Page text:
An Iraqi court on Monday condemned a fourth French citizen to death for joining the Islamic State of Iraq and the Levant (ISIL or ISIS), despite France reiterating its opposition to capital punishment.
Iraqi court officials said the man, 37-year-old Mustafa Mohammed Ibrahim, had been sentenced on Monday to death by hanging, a day after three other Frenchmen were given death sentences for being ISIL members. They can appeal against their convictions.
The French foreign ministry said in a statement following the judgment that it respected the sovereignty of the Iraqi authorities and that ISIL members “had to answer for their crimes”, but stressed France‘s opposition to the death penalty.
“The French embassy in Iraq, in its role as provider of consular protection, is taking the necessary steps to convey its position to the Iraq authorities,” the statement added.
The other three French citizens sentenced to death on Sunday were named Kevin Gonot, Leonard Lopez and Salim Machou.
The four convicted men were handed to Iraqi authorities in February by the United States-backed Syrian Democratic Forces (SDF), part of a group of 280 Iraqi and foreign detainees that also included French citizens.
Five more Frenchmen are expected to go on trial in early June to face charges of being members of ISIL, two court officials told the Reuters news agency.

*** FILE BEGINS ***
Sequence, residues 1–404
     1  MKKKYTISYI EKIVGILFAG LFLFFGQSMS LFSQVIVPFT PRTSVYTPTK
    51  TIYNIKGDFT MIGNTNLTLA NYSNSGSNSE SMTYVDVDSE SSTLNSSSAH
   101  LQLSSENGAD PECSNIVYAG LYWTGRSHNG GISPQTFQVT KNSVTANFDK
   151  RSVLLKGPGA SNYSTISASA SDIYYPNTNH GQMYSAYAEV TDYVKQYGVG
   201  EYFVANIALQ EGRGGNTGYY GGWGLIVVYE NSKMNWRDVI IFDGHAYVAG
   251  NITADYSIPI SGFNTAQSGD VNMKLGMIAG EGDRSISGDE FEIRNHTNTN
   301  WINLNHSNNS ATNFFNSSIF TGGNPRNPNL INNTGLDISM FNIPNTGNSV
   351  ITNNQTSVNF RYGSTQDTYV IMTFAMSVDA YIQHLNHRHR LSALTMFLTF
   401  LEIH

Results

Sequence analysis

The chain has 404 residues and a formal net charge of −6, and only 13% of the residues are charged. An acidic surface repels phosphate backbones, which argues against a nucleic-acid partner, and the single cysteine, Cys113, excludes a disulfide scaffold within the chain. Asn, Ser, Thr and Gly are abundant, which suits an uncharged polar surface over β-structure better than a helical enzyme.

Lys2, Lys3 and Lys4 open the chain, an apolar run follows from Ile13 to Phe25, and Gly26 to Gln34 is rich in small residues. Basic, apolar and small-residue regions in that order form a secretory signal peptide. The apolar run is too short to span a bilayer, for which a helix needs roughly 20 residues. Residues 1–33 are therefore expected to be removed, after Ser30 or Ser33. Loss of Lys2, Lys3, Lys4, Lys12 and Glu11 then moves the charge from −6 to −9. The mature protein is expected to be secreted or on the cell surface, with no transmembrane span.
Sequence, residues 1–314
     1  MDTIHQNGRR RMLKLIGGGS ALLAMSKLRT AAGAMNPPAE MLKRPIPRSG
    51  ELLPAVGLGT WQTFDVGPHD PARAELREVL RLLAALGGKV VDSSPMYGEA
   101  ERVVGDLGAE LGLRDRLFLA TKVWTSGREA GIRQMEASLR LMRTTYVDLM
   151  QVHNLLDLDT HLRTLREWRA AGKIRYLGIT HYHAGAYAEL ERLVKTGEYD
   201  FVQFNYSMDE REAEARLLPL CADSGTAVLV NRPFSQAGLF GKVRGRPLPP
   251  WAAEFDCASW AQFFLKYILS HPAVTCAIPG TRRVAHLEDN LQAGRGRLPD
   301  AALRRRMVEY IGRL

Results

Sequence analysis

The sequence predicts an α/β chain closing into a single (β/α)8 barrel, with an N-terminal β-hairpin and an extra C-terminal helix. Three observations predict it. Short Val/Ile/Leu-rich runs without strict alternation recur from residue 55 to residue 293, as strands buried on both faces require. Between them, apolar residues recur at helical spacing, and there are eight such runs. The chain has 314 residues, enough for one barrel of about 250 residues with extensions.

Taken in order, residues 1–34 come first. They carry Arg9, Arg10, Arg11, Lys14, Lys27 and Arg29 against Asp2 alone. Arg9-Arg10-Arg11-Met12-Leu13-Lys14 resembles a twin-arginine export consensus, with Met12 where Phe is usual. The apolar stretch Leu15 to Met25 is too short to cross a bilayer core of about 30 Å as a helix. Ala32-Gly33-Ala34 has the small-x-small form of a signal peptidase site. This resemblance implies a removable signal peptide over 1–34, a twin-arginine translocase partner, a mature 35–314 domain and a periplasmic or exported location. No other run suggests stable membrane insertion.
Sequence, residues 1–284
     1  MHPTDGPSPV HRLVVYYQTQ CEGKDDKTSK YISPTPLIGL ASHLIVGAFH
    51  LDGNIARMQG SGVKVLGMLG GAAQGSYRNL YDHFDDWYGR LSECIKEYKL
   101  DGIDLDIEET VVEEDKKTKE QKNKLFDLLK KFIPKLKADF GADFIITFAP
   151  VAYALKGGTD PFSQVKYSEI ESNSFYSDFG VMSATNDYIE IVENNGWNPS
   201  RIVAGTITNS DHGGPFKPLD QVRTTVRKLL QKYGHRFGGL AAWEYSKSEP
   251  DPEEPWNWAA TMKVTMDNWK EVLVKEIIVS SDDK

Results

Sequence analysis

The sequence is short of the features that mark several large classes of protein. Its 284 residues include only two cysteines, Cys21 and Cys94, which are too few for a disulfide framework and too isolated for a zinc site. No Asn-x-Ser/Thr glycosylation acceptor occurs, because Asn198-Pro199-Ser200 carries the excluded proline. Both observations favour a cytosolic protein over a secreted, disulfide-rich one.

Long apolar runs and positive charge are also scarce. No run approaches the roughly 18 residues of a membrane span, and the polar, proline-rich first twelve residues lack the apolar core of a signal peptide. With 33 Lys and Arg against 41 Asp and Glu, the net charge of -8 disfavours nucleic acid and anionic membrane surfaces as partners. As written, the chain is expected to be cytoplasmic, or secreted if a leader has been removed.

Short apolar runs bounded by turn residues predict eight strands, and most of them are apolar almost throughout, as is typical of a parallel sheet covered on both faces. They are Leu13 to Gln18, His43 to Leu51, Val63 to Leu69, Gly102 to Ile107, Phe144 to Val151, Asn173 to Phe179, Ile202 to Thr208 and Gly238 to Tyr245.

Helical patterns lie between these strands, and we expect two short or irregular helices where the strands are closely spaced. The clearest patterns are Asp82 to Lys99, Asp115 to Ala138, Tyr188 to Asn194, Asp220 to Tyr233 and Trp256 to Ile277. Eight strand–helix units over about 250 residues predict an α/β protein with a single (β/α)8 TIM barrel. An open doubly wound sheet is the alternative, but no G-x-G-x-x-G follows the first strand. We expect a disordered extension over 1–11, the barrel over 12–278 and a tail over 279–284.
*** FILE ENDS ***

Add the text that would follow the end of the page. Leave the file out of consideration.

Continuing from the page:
Criticism from rights groups
Iraqi courts have placed on trial hundreds of foreigners, condemning many to life in prison and others to death, although no foreign ISIL members have yet been executed.
Rights groups have criticised Iraq’s trials, which they say often rely on circumstantial evidence or confessions obtained under torture.
Nadim Houry, the director of Human Rights Watch’s terrorism and counterterrorism programme, said: “There are few rights for the defense and grave due-process issues – that’s deeply worrying, especially when combined with the death penalty. In-depth investigations are not being carried out.”
Houry added that no one should be transferred to a country where there is a risk of torture. “We have visited Iraqi prisons and we’ve seen rampant torture, usually to extract confessions,” he said.
The country remains in the top five nations in terms of numbers executed, according to an Amnesty International report in April.
Analysts have also warned that prisons in Iraq have in the past acted as “academies” for future fighters, including ISIL leader Abu Bakr al-Baghdadi.
The French government has so far categorically refused to take back ISIL fighters and their wives, although a handful of children have been repatriated.
Foreign Minister Jean-Yves Le Drian has referred to them as “enemies” of the nation, saying they should face justice either in Syria or Iraq.
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